Its really tough I understand that teenage is one of sensitive phase that student experience I just want to understand why its at University or other places like work place .Believe me they are using religion just for their advantage and forget it when they can make more money and have more women. Its black and whit society as Suse said in her blog. Any way I would love to be you friend both of you and let us find way to share e-mails but I don’t know I dont want to post my e-mail here.

Daughter of Arabia said...

sorry but i tryed to view ur profile but i couldnt i dont know why?

Eastern Reflections said...

Hi Daughter of Arabia,

my e-mail is acidflower83@hotmail.com. I hardly ever use that one, it's old and it only gathers junk mail and spam. Send me an e-mail, and then I can e-mail you my more private e-mail account so we can communicate by that one.

Does separation in SA start at 1st grade??? What about in family homes or outside in public? I always thought that a Muslima would start wearing the hijab and segregate herself from males that she could marry when she started her menstrual cycle, usually around 12 or 13. Some of my Saudi friends talked about hanging out and playing along with their female cousins until about 12 ,13, or even up to 14 years old. Is it different with every family?

I traveled by myself to a lot of the Mid-east countries. And I agree, sometimes it was very hard. I had to be wary of everything I said or did b/c I was told that people would think badly of me "oh she's looking for sex!" or "oh she must like me!"....I remember being with my Omani host in a grocery store and I walked away briefly to look at some items on another aisle, and when I came back he gave me this huge lecture about walking away from him b/c if men in the store saw me walk away from him (they would assume that he was my husband or family member), then that must mean I am looking for sex and/or a boyfriend. I really couldn't understand it. I am so used to traveling alone all the time by myself here in the U.S. and even to other countries. Traveling the Mid-east was a huge culture shock, but I really enjoyed learning a lot. I wish I had the money to go back. I still would love to visit SA one day.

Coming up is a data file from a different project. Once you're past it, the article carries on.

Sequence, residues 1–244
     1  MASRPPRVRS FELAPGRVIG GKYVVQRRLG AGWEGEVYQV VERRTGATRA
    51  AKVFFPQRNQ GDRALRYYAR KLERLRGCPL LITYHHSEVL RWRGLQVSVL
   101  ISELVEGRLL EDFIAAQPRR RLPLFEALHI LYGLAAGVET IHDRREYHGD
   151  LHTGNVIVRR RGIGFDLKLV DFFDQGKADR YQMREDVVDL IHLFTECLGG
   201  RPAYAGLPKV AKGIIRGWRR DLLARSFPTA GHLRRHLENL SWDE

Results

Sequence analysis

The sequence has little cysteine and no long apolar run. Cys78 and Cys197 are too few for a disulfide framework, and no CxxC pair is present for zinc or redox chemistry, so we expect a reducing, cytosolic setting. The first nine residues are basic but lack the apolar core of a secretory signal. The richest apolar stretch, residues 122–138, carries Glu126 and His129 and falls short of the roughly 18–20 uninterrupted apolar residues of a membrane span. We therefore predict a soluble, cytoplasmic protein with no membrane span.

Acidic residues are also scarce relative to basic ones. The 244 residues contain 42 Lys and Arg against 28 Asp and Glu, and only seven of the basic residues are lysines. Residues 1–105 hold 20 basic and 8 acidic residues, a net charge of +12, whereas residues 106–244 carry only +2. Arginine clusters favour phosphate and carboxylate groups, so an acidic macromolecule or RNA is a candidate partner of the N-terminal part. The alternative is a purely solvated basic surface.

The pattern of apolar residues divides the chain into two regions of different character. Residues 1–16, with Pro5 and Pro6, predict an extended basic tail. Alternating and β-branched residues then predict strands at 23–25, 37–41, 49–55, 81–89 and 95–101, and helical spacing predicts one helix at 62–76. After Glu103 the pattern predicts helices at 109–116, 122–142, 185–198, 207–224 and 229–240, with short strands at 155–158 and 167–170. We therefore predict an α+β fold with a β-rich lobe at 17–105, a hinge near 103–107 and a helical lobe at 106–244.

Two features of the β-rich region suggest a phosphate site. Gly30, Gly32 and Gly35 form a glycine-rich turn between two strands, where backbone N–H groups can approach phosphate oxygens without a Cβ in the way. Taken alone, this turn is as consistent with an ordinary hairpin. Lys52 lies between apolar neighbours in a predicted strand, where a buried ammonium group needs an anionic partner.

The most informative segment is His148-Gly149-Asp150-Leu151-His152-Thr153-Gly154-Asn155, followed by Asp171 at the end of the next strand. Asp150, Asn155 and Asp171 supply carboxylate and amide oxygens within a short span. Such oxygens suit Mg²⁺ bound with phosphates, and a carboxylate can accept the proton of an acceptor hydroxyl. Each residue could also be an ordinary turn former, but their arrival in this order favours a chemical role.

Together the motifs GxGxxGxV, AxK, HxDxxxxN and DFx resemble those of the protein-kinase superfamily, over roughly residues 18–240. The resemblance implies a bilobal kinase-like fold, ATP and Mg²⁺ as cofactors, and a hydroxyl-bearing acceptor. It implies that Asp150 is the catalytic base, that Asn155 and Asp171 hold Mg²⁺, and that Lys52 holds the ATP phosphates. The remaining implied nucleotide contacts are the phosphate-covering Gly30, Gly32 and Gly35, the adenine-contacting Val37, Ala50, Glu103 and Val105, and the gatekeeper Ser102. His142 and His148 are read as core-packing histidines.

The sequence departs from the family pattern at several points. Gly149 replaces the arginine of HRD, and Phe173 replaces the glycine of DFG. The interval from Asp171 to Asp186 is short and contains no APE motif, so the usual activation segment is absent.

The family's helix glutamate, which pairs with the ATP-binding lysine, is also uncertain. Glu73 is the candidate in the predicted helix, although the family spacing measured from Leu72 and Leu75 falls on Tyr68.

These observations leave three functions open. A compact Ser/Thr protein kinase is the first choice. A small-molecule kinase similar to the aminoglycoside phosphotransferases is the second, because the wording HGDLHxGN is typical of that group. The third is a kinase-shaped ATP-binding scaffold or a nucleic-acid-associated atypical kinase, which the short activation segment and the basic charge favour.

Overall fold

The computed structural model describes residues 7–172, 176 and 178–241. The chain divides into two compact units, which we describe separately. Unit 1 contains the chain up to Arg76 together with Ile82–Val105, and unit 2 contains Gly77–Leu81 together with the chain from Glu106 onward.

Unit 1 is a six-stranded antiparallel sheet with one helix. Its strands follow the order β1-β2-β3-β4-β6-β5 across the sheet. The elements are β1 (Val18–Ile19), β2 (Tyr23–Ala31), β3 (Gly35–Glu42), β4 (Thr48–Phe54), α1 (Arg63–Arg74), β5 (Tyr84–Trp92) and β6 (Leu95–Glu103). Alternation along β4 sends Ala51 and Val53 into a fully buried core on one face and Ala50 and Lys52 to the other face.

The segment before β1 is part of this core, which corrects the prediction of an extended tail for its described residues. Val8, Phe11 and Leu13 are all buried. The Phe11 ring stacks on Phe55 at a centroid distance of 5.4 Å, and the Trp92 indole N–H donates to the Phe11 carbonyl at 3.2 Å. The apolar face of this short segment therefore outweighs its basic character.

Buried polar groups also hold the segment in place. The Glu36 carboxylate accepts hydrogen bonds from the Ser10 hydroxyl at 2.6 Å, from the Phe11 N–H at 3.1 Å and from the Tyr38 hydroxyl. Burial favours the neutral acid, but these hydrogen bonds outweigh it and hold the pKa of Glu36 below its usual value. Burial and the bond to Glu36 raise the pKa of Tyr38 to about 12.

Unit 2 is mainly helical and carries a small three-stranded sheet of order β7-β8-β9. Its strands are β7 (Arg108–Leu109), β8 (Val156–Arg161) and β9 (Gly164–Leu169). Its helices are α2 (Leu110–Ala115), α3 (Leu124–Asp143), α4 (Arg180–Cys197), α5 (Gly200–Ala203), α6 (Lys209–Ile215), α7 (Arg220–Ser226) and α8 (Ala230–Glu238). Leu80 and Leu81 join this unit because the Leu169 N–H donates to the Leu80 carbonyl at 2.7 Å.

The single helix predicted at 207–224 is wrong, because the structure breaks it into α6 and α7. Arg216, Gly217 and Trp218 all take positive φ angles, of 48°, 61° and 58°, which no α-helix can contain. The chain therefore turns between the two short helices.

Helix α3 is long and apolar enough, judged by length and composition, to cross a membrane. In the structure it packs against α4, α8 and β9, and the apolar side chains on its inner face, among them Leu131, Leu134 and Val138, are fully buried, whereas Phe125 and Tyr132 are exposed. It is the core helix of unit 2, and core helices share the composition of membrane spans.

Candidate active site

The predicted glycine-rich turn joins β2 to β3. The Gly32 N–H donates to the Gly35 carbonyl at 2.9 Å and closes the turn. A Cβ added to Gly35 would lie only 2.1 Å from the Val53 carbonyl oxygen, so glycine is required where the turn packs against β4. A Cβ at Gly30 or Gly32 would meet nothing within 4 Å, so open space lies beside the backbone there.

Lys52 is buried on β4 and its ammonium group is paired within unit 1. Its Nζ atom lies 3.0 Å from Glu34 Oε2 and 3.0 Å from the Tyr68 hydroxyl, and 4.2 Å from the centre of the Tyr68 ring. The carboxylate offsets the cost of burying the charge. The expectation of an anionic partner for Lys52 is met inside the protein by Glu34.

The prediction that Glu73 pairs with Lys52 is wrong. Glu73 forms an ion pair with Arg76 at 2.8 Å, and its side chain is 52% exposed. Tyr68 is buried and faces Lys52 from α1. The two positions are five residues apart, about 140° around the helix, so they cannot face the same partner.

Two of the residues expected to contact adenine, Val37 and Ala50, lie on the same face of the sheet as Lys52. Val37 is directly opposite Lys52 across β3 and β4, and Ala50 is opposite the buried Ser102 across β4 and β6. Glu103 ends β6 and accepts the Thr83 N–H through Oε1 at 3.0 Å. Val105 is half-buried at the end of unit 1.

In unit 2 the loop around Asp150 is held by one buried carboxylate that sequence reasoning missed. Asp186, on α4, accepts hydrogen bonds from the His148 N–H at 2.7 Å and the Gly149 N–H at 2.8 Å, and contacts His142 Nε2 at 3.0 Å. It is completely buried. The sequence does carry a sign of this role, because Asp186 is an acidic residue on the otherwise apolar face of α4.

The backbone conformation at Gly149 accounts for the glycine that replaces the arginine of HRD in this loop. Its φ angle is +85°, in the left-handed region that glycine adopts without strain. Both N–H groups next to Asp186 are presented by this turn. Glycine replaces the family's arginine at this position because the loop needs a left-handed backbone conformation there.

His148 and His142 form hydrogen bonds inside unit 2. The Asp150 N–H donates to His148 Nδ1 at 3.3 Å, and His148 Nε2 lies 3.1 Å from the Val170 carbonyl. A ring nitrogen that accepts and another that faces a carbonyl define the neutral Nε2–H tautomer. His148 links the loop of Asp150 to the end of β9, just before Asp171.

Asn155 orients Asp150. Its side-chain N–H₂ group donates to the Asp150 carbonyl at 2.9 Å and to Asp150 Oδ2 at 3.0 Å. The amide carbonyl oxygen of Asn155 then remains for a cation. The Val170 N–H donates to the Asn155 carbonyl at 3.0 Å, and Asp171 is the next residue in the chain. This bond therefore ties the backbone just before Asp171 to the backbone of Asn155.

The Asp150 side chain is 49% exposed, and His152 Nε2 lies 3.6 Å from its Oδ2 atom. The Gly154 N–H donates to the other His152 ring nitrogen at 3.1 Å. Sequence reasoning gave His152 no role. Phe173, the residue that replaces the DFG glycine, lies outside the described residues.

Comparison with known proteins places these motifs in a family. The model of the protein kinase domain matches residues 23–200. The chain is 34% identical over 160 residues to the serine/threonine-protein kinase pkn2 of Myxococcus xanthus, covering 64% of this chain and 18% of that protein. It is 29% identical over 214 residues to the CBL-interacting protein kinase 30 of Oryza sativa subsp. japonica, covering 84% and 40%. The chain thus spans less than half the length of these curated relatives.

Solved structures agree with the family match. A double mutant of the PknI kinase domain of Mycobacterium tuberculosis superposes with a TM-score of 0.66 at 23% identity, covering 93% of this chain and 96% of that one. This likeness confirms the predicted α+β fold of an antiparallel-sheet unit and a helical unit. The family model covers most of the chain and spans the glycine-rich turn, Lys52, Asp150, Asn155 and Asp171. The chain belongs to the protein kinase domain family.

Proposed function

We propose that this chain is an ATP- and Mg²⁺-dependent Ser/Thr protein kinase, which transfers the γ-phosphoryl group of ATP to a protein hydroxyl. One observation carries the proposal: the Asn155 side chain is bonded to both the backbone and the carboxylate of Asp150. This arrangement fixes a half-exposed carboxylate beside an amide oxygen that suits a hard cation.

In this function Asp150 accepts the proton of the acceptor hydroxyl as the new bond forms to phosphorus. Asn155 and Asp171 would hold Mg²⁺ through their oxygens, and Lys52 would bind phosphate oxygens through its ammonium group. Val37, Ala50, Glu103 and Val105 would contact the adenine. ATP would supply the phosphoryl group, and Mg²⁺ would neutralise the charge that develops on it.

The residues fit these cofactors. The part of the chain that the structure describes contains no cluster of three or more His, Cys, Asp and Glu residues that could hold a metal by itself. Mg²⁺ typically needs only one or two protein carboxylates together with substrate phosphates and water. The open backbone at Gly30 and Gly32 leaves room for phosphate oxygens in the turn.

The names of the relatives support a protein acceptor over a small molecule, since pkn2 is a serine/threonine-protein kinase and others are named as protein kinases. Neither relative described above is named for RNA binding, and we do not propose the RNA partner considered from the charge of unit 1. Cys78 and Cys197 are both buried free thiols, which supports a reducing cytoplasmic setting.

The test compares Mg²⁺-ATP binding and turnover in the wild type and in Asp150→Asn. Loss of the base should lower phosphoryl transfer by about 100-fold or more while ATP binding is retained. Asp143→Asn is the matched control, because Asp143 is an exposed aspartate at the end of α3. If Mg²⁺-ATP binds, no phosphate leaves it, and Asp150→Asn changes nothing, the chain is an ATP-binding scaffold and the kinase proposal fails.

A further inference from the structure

Maybe your next topic can surmise about who has a harder time adjusting to another culture. An Arab Muslim visiting the West or a non-Muslim Westerner visiting the Middle-East. Then give examples of your own experience. Keep posting!

Eastern Reflections said...

Oh also, I forgot to add to your post "What Difficulties Saudi Students Face??".

When I was in college, I worked in the ESL program for internationals they had at my university. I was an office assistant and interacted with a lot of Middle Eastern students, and others from all over the world. I remember hearing and seeing some of the frustrations the Saudis were having (they there the largest group of students there, besides the Koreans). I heard one say that it was really hard for him b/c in SA, the public high school system is more about memorization and rote, whereas the teaching methods here are more about questions and analysis. Some of the students got frustrated b/c they would ask or even tell the teachers to give them a better grade than they were warranted. I remember reading a memo that was given out to all the teachers and was written by one of the department heads who lived and work in SA years ago; it talked about the cultural differences in learning methods between Saudis and Americans.

He said that the teachers shouldn't think that the Saudi students were belligerent for demanding better grades that they don't deserve, but that it is so ingrained in them b/c of the idea of "wasta" and also, the emphasis on memorization in the school systems. This led to many of them being frustrated. What is your opinion about it? Is the learning/teaching method that different in SA? And have you experienced frustration also?

Daughter of Arabia said...

Hi there its nice to come back and replay on ur comment.i think its better to answer ur questions by writing a new post.so wait for me i might be late cos i have to finish my report paper.i print out ur commet i'll read them again and try to give u an clear view.

Sahar said...


I really enjoyed your blog. I am also studying at University.

I have a great interest in Saudi culture. I have known quite a few Saudi guys, and have notice many patterns in their behavior.

I've always wanted to meet a Saudi woman. I realize all the female Saudi students are here with their husband or guardian, and it prevents me from trying to talk to them.

I will continue to read your blog. I also have a blog that depicts my affairs with Saudi men. It may not be your cup of tea...as I realize you come from a very conservative background.
Ma Salama

Daughter of Arabia said...

Hello Sahar, thanks for your comment. which uneversity u r studying in?